P05-07. Evaluation of peripheral and bone marrow B cell responses in rhesus macaques after immunization with soluble HIV-1 gp140 trimers
KeywordsRhesus Macaque Cell Pool Stimulation Protocol Spike Complex Immunization Protocol
Broadly neutralizing antibodies (bNAbs) against HIV-1 are not efficiently elicited by vaccination despite considerable efforts. bNAb elicitation is likely limited both by current envelope glycoproteins (Env) immunogens, which are not sufficient mimics of the native Env spike complex, and by the lack of immunization regimens that promote optimal development and maturation of B cell responses. So far, analyses from protein immunization studies focus mainly on serological antibody responses and less on responses at the B cell level. Here, we characterize frequencies of antigen-specific antibody secreting cells (ASC) and memory B cells in the periphery and bone marrow of rhesus macaques immunized with soluble gp140 trimers. These analyses provide a foundation for the design of improved immunization protocols to elicit bNAbs against HIV-1.
We established stimulation protocols for in vitro expansion and differentiation of macaque memory B cells into ASC to allow enumeration and monitoring of memory B cells post immunization. Using a series of variant Env probes, the frequencies of B cells specific for different structural determinants of Env were quantitated by B cell ELISpot analysis.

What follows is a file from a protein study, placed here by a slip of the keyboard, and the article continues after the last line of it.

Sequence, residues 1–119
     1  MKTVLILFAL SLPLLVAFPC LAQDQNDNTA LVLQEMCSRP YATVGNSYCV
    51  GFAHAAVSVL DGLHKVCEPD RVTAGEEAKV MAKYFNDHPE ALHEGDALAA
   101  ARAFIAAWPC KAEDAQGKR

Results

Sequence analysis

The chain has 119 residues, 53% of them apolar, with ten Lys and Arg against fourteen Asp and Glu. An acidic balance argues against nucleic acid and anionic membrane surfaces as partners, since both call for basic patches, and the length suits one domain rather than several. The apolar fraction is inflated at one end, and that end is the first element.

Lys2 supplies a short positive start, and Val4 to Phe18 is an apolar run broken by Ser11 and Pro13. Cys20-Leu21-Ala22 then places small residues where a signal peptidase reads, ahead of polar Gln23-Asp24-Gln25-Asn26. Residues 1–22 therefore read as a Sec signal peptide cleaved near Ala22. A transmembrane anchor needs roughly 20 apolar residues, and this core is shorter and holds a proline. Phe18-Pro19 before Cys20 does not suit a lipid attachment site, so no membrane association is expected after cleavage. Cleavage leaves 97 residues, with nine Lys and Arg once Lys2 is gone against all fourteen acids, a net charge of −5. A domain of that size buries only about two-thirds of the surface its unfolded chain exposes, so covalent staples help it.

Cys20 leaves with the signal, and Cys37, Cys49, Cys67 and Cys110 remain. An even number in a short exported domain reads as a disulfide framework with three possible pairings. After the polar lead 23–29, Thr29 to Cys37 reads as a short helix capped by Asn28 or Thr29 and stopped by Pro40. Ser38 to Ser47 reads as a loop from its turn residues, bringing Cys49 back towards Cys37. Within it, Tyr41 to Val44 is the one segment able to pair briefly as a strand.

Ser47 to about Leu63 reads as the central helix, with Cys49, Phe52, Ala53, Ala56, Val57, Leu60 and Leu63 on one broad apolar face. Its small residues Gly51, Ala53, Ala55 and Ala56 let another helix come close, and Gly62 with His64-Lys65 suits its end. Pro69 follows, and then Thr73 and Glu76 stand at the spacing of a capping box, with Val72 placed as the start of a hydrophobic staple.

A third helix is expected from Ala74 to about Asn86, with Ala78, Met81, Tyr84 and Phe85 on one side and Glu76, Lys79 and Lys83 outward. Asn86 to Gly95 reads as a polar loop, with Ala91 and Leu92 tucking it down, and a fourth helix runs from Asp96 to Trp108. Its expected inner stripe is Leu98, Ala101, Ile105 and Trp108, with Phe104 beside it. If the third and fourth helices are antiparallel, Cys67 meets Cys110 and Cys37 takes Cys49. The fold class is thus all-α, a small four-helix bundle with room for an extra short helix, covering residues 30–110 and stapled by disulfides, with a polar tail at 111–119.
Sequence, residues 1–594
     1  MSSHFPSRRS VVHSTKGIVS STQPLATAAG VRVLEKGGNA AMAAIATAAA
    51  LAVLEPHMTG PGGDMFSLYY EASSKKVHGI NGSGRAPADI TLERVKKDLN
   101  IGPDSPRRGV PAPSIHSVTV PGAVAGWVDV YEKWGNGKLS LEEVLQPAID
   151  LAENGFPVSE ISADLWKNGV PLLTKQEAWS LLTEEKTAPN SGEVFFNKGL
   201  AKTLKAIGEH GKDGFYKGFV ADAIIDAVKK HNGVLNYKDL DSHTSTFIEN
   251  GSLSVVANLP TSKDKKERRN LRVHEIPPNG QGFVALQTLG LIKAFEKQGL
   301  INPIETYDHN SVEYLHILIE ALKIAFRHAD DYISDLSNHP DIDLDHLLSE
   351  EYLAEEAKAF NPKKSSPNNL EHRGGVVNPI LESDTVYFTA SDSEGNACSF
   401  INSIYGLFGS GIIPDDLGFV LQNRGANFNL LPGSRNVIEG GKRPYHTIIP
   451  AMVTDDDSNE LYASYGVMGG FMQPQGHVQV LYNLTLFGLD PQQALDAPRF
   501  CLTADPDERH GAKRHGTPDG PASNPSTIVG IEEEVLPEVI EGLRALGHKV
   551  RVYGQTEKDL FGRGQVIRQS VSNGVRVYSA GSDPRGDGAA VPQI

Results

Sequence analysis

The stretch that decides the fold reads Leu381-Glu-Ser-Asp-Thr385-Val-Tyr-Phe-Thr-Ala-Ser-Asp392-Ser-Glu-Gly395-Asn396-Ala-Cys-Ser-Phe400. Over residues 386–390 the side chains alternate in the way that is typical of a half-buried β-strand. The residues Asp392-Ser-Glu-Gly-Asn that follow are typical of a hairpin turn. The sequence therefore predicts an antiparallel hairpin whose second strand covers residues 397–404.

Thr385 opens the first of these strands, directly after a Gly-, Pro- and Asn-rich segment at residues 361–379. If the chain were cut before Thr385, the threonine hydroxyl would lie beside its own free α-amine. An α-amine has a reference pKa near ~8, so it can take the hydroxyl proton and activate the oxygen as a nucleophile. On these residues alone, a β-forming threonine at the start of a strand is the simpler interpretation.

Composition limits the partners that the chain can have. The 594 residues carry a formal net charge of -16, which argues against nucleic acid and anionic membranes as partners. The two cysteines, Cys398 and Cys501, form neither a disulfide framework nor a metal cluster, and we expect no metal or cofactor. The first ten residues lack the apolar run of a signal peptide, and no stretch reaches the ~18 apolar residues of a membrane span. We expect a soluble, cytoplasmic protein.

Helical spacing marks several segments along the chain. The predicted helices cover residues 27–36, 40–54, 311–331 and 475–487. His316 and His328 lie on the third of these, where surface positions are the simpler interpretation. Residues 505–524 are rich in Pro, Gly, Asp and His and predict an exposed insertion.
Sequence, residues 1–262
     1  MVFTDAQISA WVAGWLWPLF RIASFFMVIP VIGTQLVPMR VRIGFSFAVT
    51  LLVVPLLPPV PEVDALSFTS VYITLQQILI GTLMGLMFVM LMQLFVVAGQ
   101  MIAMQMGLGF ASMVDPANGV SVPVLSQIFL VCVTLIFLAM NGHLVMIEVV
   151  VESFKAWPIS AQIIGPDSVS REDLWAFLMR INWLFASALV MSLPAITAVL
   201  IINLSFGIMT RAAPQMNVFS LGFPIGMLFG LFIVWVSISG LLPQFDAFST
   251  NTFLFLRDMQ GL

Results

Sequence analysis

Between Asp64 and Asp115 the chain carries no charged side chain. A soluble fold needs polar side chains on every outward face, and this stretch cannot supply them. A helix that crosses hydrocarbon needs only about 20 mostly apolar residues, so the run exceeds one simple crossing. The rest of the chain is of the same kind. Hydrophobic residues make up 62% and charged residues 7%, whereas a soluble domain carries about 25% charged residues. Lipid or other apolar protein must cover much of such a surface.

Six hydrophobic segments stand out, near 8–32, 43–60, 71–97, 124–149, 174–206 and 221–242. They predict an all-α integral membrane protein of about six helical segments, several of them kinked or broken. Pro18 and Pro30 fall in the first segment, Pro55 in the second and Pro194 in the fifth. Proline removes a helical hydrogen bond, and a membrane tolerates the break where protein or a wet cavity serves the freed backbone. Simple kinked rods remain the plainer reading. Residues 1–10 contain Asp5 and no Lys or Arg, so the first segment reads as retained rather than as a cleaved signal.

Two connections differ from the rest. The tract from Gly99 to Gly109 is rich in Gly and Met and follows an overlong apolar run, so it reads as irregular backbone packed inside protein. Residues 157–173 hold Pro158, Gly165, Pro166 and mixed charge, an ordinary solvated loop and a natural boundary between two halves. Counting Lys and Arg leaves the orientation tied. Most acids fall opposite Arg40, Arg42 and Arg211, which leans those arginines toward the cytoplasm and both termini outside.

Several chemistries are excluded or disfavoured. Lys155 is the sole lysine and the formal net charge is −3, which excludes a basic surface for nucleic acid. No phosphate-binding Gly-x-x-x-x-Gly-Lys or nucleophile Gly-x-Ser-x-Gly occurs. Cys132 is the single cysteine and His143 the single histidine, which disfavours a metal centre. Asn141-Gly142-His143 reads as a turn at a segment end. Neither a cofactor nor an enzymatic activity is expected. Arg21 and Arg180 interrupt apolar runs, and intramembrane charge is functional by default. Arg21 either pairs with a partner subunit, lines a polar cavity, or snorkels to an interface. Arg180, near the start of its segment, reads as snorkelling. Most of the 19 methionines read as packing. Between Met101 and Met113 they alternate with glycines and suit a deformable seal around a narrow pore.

By stimulating peripheral PBMCs with a mitogen cocktail we detected Env-specific memory B cells at a sensitivity of ~0.1% of the total number of memory cells. By sampling peripheral PBMCs at several time points after soluble gp140 trimer immunization we demonstrate that ASC peak one week after immunization while memory B cell responses peak between one and two weeks after immunization. The peripheral gp140-specific memory B cell pool constitutes between 10 to 20% of the total peripheral memory B cell pool.
By establishing in vitro stimulation protocols for rhesus memory B cells, and determining the peak of antigen specific responses after protein vaccination, we describe a benchmark study that can be used to inform future analyses of vaccine-elicited B cell responses in primates.
This article is published under license to BioMed Central Ltd.